It’s interesting that this week was all about scoring because New Girl needs a win just about as bad as Coach’s beloved Pistons. Did it get one? Well, let’s just say this week probably could have used more overtime. To mix metaphors à la Schmidt, the show stuck the landing — which saw Jess and Nick in sports jerseys that symbolized compromise — but the episode overall left me wondering, Did I really need to go through all that just for this? I guess any game, or relationship, sees phases of exciting conflict followed by plenty o’ same-old-same-old… unfortunately, the relationship in which we’re truly invested (Jess and Nick) is mostly static for the time being, while the attempt to create conflict occurred between Jess and… Coach? Let me explain. READ FULL STORY
It’s a new year, Newbies, and Jess & Co. had to look back in order to move forward on Tuesday night. Given this season’s unfortunate stasis thus far, it was only appropriate that ”Clavado En Un Bar” (named after the song that closed out the ep) was predicated upon a scenario that could have been a total game-changer, at least in Jess’s mind, but it ultimately resulted in the gang mostly resisting any sort of forward movement.
Sure, the ep had its moments (“this crazy English muffin we call Winston’s life,” a recurring visual gag involving African-American newborns and basketballs, Nick’s habit of quoting sports movies like… A League of Their Own), but season 3 has yet to recapture last spring’s magic or sense of character development. That said, tonight’s installment opened and closed many doors for the characters, so maybe it will ultimately set up a bit of momentum so that New Girl can close out the season on better footing. Until then… read on to find out about Jess’s potentially life-changing opportunity. READ FULL STORY
“What are you doing New Year’s Eve?” — is there any more romantic question? People do a lot of self-evaluating going into a new year, and if someone wants to spend that most hallowed of nights with you, you must be pretty special.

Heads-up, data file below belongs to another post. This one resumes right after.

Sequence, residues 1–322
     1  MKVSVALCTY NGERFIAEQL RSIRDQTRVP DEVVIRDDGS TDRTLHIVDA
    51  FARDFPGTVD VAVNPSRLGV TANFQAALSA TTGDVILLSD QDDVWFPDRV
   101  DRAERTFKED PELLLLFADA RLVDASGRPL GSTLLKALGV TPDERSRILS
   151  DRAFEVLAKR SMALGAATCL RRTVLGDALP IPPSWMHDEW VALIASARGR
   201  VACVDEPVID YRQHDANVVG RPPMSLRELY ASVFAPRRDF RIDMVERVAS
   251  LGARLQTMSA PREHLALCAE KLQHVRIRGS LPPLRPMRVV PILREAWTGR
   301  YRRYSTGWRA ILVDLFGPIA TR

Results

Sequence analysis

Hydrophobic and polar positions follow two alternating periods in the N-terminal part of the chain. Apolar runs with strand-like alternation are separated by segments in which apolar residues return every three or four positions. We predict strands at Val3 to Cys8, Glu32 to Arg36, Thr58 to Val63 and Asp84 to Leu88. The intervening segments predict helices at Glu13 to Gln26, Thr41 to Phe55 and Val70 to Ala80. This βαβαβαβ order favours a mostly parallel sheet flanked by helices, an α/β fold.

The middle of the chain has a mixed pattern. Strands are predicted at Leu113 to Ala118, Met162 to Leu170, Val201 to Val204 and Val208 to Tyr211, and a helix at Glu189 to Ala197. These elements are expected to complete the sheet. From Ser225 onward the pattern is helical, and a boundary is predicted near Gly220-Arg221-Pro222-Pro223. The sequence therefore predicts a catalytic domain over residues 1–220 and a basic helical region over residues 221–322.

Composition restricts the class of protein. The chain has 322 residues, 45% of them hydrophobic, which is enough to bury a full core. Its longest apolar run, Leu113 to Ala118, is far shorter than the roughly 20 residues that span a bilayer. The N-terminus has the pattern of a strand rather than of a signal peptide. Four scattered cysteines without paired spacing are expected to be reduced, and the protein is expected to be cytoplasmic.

In 1947, musical-theater vet Frank Loesser (Guys & Dolls, How to Succeed in Business Without Really Trying) put that sentiment to music with “What Are You Doing New Year’s Eve?” And now that Christmas music is behind us, it’s time to move on to the New Year’s classics. (Check out our Ultimate Holiday Playlist here.)
Who had the best version of this NYE standard? Check out our six choices and place your vote below.
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'Have Yourself a Merry Little Christmas': You choose the best version, in our Twelve Days of Christmas Classics -- POLL
The Twelve Days of Christmas Classics is on! Starting with “Baby, It’s Cold Outside” and “The Christmas Song (Chestnuts Roasting on an Open Fire),” EW is putting the best versions of the most-covered Christmas songs up to a daily vote to compile the ultimate holiday playlist. If your favorite singer isn’t in the list below, you better not pout: Each artist will only appear once throughout the next 12 days. Listen to our top six, vote for your favorite, and let us know why you made your pick in the comments below.
UPDATE: The polls are closed, and we have our winners! Listen to YOUR ultimate holiday playlist here.
The 1944 movie musical Meet Me in St. Louis might not be associated with the holidays like White Christmas or A Christmas Carol are, but it did spawn one of the most famous Christmas songs of all time: “Have Yourself a Merry Little Christmas.” Judy Garland’s Esther sings the song to comfort her little sister, promising that next year all their “troubles will be miles away.”
Of course Garland’s original take is a classic, but is it the best version ever? Gather near to us, and place your vote below: